Several weeks ago now I was blessed to hear singer/songwriter Carrie Newcomer in concert. Since the first time I heard her I have been enthralled with her ability to put words together that speak beauty and power while calling the listener to a deeper understanding of self and how we move in the world. Since the concert I have bathed myself in her music and it was while doing this that I came across a line that has been haunting me. Tucked in among images rich and varied, she sings this confession: “I’m traveling faster than my soul can go.”
Those words pulled me up short. ‘I’m traveling faster than my soul can go.’ Several times since rehearing these words…because I am certain I had heard the song before and was perhaps traveling too fast to really hear…I find this line flitting through my brain, an ear worm of sorts.As ear worms go, there could certainly be worse ones. And as confessions go, I know its intention rings true for me.
Soul. In circles in which I travel the word ‘soul’ can get bandied about fairly capriciously. Yet, I wonder, if we ever really are sure what we mean by it. Webster’ says it this way: Soul…the spiritual or immaterial part of a human being or animal, regarded as immortal. Stated that way, we are talking about something pretty important to be found speeding away from.
It may seem crazy but I have often thought of ‘soul’ as the great umbilical cord in which I am connected to the Creator. Soul is the place of nourishment, the connector that reminds me that I am an embodiment of holy stuff, sacred stardust, have been from the beginning and will always be. So, again, not something to be moving so quickly past that I am lured into forgetting this connection.
Speed is the great distraction from so many important things, isn’t it? I don’t think I am alone in moving headlong into the speed of what needs to be done, accomplished, said, felt, heard nearly every day, from the moment my feet hit the floor in the morning. We speed through meals, conversations, decisions, meetings, on the freeway. We wear the ‘I’m so busy’ statement as a badge of honor, a sign of just how important we believe we are.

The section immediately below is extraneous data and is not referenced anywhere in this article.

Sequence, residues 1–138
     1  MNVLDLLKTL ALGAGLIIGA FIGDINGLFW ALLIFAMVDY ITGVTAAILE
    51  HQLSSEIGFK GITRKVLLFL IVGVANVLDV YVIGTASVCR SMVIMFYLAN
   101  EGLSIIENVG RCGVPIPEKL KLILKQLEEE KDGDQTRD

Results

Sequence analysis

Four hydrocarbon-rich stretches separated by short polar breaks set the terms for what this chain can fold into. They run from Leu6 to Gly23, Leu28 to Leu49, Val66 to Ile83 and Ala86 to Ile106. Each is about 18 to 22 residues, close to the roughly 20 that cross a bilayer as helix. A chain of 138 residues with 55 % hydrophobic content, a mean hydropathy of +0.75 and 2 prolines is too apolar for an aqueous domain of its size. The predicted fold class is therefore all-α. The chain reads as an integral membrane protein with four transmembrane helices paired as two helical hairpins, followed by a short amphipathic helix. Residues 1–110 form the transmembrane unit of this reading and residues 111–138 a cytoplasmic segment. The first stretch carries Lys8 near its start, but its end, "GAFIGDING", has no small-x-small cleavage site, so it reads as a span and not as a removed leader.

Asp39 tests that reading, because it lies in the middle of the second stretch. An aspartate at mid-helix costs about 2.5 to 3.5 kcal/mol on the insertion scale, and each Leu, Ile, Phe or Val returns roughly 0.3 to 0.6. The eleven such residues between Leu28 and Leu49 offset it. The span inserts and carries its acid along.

And what about our souls in the process? What gets lost? What gets damaged? What is forgotten or neglected? And what happens to a culture when a group of people collectively move about ‘faster than their souls can go’? Where will it take us? Where has it taken us?
Yesterday, I was blessed to hold a little one new to the world. Two months old and already looking into my eyes with questioning and a wisdom he brought with him. Holding him in that swaying movement we all revert to with an infant in our arms, I felt his soul and my soul resting together, connecting to our breathing, and the very Breath that holds us both and will always do so, no matter what. For one whole hour I was traveling at the speed of my own soul through the gift of his presence. When the visit came to a close, gently kissing his sweet, baby-smelling head I walked back out into the world in a different place from the rushed entrance I made into his home. My life had caught up with my soul. I had caught up with my soul.
The poet Anne Sexton, who struggled with depression and so much darkness, said “Put your ear down close to your soul and listen hard.” That kind of deep listening can’t happen at high speeds. It most often is best done while sitting still, staring into the middle distance looking at a scene of something we love and cherish. Like a lake or a mountain or the face of someone we love…especially the face of a baby.